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The Cornish firm with Britain's fastest net connection

  • Fibre broadband
  • BT XGPON trial equipment

By Barry Collins

Posted on 9 Nov 2012 at 10:20

A small engineering firm has Britain's fastest broadband connection, running at 10Gbits/sec, as part of a trial with BT.

Until six months ago, Truro-based Arcol had an ADSL connection of only 500Kbits/sec to share among its 40 employees. The connection was so slow that staff "used to go home at at six o'clock to do their email," according to Arcol's owner Alun Morgan.

However, the company was one of the beneficiaries of the Superfast Cornwall project, in which a combination of public and private money is aiming to bring fibre broadband to at least 80% of the county's population by 2014.

Arcol was first upgraded to a fibre-to-the-premises (FTTP) connection, running at up to 330Mbits/sec. Now, it's participating in a trial that sees the business hooked up with a staggering 10Gbit/sec line.

That gives the business access to more bandwidth than the Olympic park enjoyed this summer, according to the director of the Superfast Cornwall Programme, BT's Dr Ranulf Scarbrough.

Speed beyond the limits of today's equipment

PC Pro witnessed tests running over the 10Gbits/sec line on a visit to Cornwall yesterday. The ultra-fast speeds use a standard called XGPON, based on networking equipment developed by ZTE.

Arcol is connected by a direct fibre link from its offices to BT's exchange in Truro, and is the first business in the country to enjoy the record-breaking speeds.

ZTE's engineers demonstrated the speed of the line by initiating a dozen or so simultaneous downloads of a 40GB file from a dedicated content server. The PC they connected to had been upgraded with a 10Gbit/sec NIC, just to be able to cope with the data-transfer speeds.

BT XGPON trial equipment

The 40GB files were transferred in around 20-30 seconds each, and even with so many simultaneously downloads, only around half the available bandwidth was being used. Scarbrough claims the physical limits of the networking and PC equipment prevents the line from being utilised at its maximum capacity.

Indeed, although the direct link between the Truro exchange and Arcol runs at 10Gbits/sec, the company isn't connected to the wider internet at those speeds "because there's nothing you could do on the internet at 100Gbits/sec," Scarbrough adds.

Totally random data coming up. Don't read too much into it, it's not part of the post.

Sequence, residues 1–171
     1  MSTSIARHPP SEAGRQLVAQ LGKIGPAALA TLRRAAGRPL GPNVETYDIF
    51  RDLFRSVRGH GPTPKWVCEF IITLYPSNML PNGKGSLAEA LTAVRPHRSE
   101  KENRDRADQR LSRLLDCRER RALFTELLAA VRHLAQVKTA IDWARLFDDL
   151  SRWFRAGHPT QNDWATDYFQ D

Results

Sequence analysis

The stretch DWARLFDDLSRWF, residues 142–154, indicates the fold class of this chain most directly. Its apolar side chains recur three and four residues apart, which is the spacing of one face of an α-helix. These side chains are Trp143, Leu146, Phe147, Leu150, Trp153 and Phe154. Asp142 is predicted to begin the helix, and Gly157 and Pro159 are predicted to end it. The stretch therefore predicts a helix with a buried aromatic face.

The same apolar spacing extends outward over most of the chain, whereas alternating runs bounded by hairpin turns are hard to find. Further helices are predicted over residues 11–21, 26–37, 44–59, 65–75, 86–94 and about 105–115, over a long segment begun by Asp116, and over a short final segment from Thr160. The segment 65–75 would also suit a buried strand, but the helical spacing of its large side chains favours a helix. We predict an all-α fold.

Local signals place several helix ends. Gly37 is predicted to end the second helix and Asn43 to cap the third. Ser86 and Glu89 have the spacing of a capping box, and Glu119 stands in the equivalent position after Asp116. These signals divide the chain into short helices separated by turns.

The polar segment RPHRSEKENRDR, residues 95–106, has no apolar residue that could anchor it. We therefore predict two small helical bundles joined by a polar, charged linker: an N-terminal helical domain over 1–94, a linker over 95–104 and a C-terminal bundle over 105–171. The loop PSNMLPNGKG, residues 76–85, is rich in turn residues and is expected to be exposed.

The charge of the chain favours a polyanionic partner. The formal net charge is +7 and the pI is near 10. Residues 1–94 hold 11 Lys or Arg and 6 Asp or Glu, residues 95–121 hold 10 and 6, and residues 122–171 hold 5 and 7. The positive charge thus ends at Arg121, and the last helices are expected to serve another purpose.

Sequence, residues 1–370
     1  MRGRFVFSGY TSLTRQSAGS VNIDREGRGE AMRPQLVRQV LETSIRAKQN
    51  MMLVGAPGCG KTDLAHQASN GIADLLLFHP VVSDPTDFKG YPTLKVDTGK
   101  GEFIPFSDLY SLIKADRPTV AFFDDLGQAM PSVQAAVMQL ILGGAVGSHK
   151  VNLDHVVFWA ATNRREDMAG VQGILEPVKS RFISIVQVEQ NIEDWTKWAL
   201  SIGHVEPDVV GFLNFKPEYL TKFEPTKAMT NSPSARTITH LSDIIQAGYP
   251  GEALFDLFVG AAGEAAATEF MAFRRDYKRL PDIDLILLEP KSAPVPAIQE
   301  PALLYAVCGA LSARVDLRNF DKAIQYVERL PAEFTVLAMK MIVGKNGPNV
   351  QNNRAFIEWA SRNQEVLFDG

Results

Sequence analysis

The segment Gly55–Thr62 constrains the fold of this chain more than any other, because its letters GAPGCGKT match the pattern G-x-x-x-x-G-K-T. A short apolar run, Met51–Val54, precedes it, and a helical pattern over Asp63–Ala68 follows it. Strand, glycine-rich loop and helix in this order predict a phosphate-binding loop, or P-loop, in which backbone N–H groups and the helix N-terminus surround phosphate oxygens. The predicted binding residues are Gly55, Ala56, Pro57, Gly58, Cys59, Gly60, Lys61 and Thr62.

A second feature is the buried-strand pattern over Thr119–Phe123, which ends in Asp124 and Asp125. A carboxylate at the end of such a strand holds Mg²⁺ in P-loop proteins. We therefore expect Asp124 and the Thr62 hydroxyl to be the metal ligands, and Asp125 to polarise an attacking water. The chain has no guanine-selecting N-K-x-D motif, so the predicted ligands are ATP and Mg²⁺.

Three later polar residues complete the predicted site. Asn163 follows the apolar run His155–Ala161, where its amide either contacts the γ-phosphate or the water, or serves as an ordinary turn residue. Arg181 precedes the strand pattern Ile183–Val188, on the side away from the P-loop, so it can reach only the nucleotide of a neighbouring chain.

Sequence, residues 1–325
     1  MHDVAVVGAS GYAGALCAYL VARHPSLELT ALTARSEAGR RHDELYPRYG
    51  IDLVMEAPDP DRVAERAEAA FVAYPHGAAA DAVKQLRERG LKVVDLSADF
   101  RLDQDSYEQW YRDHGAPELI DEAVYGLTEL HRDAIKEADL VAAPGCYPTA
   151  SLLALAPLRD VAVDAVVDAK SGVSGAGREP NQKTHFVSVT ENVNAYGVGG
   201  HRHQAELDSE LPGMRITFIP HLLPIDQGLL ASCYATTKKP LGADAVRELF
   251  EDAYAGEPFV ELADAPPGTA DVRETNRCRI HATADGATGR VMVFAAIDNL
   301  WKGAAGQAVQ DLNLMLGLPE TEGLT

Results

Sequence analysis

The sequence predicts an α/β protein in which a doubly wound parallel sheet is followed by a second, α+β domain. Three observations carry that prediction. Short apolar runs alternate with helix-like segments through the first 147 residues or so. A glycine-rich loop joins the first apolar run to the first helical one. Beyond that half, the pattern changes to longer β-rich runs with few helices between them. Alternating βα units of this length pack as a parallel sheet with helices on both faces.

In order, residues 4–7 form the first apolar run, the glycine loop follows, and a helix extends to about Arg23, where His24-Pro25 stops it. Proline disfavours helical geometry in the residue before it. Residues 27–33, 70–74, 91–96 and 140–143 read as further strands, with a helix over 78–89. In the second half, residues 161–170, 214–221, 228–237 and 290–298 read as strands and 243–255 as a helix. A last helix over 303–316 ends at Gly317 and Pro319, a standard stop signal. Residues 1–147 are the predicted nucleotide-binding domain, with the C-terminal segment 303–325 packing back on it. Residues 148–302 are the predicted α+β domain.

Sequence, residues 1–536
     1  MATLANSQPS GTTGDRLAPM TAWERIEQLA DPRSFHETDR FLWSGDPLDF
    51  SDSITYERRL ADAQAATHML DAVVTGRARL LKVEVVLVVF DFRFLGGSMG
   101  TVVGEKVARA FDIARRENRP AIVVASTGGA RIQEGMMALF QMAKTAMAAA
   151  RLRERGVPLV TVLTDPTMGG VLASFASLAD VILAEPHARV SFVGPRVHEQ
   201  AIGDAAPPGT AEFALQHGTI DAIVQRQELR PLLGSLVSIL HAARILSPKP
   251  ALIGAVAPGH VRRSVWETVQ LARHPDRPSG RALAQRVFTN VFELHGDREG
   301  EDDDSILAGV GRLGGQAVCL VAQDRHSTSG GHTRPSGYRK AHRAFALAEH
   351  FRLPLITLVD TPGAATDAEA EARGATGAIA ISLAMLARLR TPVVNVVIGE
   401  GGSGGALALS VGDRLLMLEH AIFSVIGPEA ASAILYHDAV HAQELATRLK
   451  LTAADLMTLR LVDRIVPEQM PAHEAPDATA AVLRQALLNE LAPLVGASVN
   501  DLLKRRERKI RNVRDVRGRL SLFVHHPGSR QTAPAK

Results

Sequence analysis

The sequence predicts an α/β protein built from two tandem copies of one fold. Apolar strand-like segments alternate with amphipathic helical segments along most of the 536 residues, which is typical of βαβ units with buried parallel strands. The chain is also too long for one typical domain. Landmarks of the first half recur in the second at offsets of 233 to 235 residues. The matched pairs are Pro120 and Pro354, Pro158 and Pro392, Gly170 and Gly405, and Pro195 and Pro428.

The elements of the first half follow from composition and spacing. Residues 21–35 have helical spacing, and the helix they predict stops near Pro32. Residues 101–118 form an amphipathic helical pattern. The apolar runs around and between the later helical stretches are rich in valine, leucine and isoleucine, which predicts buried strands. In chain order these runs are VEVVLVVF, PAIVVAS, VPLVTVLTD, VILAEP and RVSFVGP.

The XGPON trial is a demonstration that end-to-end fibre connections have the capacity to go well beyond today's 330Mbits/sec speeds, Scarbrough said, although there are no current plans to offer the service commercially.

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User comments

Impressive

Anyone for iSCSI or FCoE SAN in the cloud?

By dconf on 9 Nov 2012

What About The Spare Wires?

I live overseas (on the Isle of Arran) and it is not likely we will ever have fibre broadband.

When I put the telephone cabling into my house and connected up my wall socket, I was struck by the number of 'spare' wires there were.

In areas where fibre is not going to happen, is there any reason why these spare copper wires couldn't be used for a kind of parallel broadband connection i.e. instead of one connection using two strands of copper, we have two or three parallel connections running to a 'smart' wall socket that presented your router with a combined signal?

To me it seems achievable and uses existing infrastructure and technology. The only new kit would be the new 'smart' telephone point.

Or am I just being thick?

By Michael on 9 Nov 2012

BT already thought about it

Just seen another article on the PC Pro site where BT are thinking about 'line-bonding'.

By Michael on 9 Nov 2012

broadband

Max speed here 75kbs but very often down to old fashioned dial up speeds. Would love to try real broadband but it won't happen here, not cost effective.

By linux1943 on 15 Nov 2012

It's Never Right

As the title sugesstes this comment is about fibre optic broadband in general, I bet this company is way out in the middle of nowhaere and gets this speed as the village where I live strugles to get on average 2mbps let alone 2gbps we are only 5 miles from an exchange but we are not connected to that one ho no wehere connected to one about 10 miles away (well done bt ) according to bt's infinaty website we are due to get fibre broadband at the end of dec this year but there is no boxes any where and dec is fastly aproching and they will proberbly put it back again to DEC 2013, so how come a village in cornwall can get infinity (one thats more that 10 miles away from an exchange) but we can't at less than 5 miles from one .

By FireFoxx3 on 15 Nov 2012

Think yourself lucky

I live in Cumbria, about 5 miles from the exchange and we're lucky to get 500k. It would often be faster to revert to dial-up.

By davicon3 on 15 Nov 2012

Same old story! Almost obscenely fast speeds being trumpeted in the media while so many of us struggle to make a viable broadband connection at all. This is hype, pure and simple, to make BT look good. If you want me to return to you BT, put some serious investment into creating greater equality of provision, not these spectacular peaks of performance which, this article points out, are beyond the capability of readily available consumer hardware anyway.

By LesDerbyshire on 15 Nov 2012

Ignorance is its own reward

Truro is a cathedral city and county capital of Cornwall. Arcol are located on the outskirts in Threemilestone. Google is obviously too much effort for some.

My 160Mbit FTTP residential connection in Truro is a standard BT offering ... all part and parcel of where you choose to live I guess.

BT are no saints, but they don't deserve the whinging bashers that populate Dennis Publishing's comment columns. There are much worse out there and I doubt anyone here has tried other telco's.

By tim_wall on 15 Nov 2012

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